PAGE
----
Covid-19 and Mental Health in Malaysia

Covid-19 has been dominating the headlines since its outbreak started in late 2019. Presently, it is still taking a toll in majority of the countries around the world including Malaysia. The physical impact of the pandemic is well-documented by Ministry of Health as the main source of health information in Malaysia. News column and social media are full by the number of cases and mortalities. However, the impact of the pandemic on mental health is rarely featured in these platforms.

During the early phase of Covid-19 outbreak, Malaysia underwent their first Movement Control Order (MCO), which came as a sudden hit on different aspects of Malaysian’s life especially social and economic part. Being restricted to social isolation have negatively affected many people’s mental health and created new challenges for people with existing mental illness and substance use disorders. Fear, anxiety and depression were among complaints reported during the MCO. Financial difficulties were also affecting a proportion of the population. These burden had created an unhealthy condition for mental health.

Authority has reported 266 people have committed suicide during the first MCO from March 18 to October 30, last year. 1 The suicide cases were reported to be caused by debt, family problems and marriage problems. In a local study conducted during the pandemic, reports of depressive (59.2%), anxiety (55.1%) and stress (30.6%) symptoms were found to be high.2 People with poor health status, students, females and people with poor financial conditions were found to be more vulnerable to mental health symptoms.

The impact of Covid-19 among Malaysia is a real health concern. Interventions should be taken to provide a proper solution to the affected individuals or communities. Some initiatives such as telehealth, suicide decriminalisation movement, awareness campaigns are excellent progress, however, more holistic approaches are still needed to curb the increasing trend. These require supports from every level within government agencies, non-profitable organization and community.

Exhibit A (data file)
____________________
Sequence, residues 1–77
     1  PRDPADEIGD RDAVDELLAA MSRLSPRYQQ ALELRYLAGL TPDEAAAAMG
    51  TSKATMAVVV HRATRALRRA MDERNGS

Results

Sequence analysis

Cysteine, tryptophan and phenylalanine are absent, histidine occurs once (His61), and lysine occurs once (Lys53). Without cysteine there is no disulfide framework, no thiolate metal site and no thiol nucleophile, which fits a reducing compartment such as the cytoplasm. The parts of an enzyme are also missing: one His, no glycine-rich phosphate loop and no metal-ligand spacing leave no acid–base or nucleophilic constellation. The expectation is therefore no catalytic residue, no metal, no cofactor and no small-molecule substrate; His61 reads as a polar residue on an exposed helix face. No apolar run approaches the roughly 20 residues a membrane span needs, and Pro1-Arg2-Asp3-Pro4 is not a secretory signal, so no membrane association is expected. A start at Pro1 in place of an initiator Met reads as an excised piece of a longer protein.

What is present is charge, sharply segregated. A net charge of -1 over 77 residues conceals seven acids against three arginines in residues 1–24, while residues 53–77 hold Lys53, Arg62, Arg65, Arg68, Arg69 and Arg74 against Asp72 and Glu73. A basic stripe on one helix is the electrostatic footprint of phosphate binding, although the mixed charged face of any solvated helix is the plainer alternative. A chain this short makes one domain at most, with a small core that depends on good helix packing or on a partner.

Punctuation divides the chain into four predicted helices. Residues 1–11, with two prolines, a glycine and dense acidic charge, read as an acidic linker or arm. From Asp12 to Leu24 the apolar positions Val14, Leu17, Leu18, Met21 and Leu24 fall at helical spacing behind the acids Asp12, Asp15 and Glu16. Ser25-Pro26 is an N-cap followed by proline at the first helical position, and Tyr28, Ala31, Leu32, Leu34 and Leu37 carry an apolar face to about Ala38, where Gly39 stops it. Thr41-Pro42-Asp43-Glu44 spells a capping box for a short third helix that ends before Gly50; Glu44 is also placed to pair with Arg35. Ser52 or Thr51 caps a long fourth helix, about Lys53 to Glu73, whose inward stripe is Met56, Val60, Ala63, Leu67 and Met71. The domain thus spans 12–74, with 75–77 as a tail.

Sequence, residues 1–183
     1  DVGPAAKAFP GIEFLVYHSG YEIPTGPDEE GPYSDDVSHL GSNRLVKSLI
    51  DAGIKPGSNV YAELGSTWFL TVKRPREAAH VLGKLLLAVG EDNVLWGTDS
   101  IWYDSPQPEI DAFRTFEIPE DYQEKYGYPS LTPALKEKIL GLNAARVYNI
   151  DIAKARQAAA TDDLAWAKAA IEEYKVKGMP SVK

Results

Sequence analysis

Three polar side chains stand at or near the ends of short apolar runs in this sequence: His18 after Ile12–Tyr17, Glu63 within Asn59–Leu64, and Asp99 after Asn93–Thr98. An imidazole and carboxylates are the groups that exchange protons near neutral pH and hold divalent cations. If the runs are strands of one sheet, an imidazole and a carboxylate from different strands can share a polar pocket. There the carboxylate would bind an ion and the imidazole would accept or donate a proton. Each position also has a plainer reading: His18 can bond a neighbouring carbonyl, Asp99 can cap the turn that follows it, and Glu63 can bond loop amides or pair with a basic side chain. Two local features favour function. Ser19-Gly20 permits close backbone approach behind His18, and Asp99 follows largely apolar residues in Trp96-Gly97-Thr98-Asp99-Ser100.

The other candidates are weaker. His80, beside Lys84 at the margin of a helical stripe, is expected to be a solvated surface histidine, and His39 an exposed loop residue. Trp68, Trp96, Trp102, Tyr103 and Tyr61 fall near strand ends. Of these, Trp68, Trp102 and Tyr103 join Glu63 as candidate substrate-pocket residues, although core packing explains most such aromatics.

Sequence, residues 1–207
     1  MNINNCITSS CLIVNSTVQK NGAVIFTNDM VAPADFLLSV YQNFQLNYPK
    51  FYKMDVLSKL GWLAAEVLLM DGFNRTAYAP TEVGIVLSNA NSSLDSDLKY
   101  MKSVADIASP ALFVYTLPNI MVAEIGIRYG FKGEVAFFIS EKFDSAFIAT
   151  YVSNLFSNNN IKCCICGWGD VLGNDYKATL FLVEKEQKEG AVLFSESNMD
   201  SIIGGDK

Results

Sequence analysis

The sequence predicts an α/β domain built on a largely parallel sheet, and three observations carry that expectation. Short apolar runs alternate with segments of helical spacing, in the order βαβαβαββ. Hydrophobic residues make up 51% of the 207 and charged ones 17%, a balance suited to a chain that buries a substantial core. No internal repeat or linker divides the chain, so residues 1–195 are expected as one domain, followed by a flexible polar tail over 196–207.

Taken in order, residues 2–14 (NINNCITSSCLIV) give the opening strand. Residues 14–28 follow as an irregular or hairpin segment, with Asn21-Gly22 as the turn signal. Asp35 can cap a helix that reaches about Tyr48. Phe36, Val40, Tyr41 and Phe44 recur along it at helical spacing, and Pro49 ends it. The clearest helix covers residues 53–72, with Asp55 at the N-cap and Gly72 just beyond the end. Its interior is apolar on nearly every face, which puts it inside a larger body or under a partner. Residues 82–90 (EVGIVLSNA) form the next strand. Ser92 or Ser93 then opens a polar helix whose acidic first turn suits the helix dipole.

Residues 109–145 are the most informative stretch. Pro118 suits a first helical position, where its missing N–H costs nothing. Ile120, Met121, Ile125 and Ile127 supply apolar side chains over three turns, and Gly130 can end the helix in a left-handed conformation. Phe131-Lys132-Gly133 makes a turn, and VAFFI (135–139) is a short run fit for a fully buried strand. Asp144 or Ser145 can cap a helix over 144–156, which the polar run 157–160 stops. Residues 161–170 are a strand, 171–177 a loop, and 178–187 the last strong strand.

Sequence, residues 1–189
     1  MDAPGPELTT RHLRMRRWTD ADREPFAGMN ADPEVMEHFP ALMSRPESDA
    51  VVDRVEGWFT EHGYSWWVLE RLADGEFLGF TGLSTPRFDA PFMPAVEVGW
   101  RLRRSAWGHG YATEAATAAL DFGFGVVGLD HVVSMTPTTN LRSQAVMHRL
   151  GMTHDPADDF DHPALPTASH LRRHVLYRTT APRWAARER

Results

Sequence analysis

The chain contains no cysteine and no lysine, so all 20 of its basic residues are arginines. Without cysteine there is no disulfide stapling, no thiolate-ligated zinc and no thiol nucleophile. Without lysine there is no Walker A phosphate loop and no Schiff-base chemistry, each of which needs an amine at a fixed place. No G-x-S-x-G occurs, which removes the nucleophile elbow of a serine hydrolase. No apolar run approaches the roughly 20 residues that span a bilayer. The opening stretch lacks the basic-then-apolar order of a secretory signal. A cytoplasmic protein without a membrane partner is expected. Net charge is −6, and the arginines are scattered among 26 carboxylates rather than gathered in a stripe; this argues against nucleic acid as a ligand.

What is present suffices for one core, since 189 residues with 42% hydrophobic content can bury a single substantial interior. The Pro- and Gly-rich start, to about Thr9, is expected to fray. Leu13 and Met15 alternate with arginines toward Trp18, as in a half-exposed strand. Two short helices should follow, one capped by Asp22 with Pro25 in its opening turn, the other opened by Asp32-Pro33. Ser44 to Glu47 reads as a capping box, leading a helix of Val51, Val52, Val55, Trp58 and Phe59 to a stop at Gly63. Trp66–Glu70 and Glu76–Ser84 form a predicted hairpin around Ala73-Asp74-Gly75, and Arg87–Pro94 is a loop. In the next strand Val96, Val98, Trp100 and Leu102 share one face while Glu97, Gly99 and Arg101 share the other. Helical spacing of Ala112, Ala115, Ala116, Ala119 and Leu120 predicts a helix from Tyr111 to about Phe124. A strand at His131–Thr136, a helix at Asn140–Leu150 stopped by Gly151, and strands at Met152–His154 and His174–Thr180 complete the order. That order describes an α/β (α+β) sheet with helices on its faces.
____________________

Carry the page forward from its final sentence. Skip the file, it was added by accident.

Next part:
1. Daily Express. 266 commit suicide during movement restrictions (one everyday). 16 Nov 2020. Available at:
  2. Li PW et al. PLoS One. 2021 Mar 25;16(3):e0248916.

Vitamin C and Immune System

Immune system is defined as complex network of cells, tissues, organs, and substances that helps the body fights infections caused by a range of pathogen, such as bacteria, viruses, fungi and parasites. Development of a good immune system is essential and requires a healthy diet and lifestyle. One of the micronutrients that have been long associated with strong immune system is vitamin C.

Vitamin C, also known as ascorbic acid, can be easily obtained from consumption of citrus fruits, such as oranges and orange juice, peppers, strawberries, blackcurrants, broccoli, brussels sprouts and potatoes.1 Vitamin C is one of the essential vitamins – vitamins that cannot be synthesized by human. It has multiple roles in our body systems which include:

  • Boosting immune system
  • Helps in collagen formation
  • Helps to maintain capillaries, bones and teeth
  • Aids in the absorption of iron
  • Act as antioxidant
  • Helps in wound healing.

Lack of vitamin C may lead to poor wound healing, weakened collagenous structure and impaired immunity.2 Individuals with vitamin C deficiencies are more vulnerable to more severe infections.3

Vitamin C acts as a support for various cell functions of both innate and adaptive immune system. One of the functions is to promote anti-oxidant activity of skin, resulted in prevention of oxidative stress induced by environmental pollutants. Through collagen formation, vitamin C is also responsible for development of healthy skin which act as the first barrier against any external pathogen. Its role in wound healing also play a vital function in preventing infection from entering the body.

Vitamin C was reported to accumulate in phagocytic cells, such as neutrophils which will assist in process of engulfing microbes. Furthermore, vitamin C also helps in automated cell death process which will clear used neutrophils from the site of infection. This will result in decreasing necrosis and potential tissue damage.

Sufficient vitamin C is essential for each one of us as it is one of important micronutrients that our body needs to ensure good health. A healthy diet with fruits and vegetables rich with vitamin C is sufficient for required vitamin C intake. For individuals with vitamin C deficiency, supplement intake may help to improve the vitamin C level.


  1. Recommended Nutrients Intakes for Malaysia, A Report of the Technical Working Group on Nutritional Guidelines, MOH, 2017
  2. Carr AC & Maggini S. Nutrients. 2017 Nov; 9(11): 1211.
  3. Hemilä H. Nutrients. 2017 Mar 29;9(4):339



Add to cart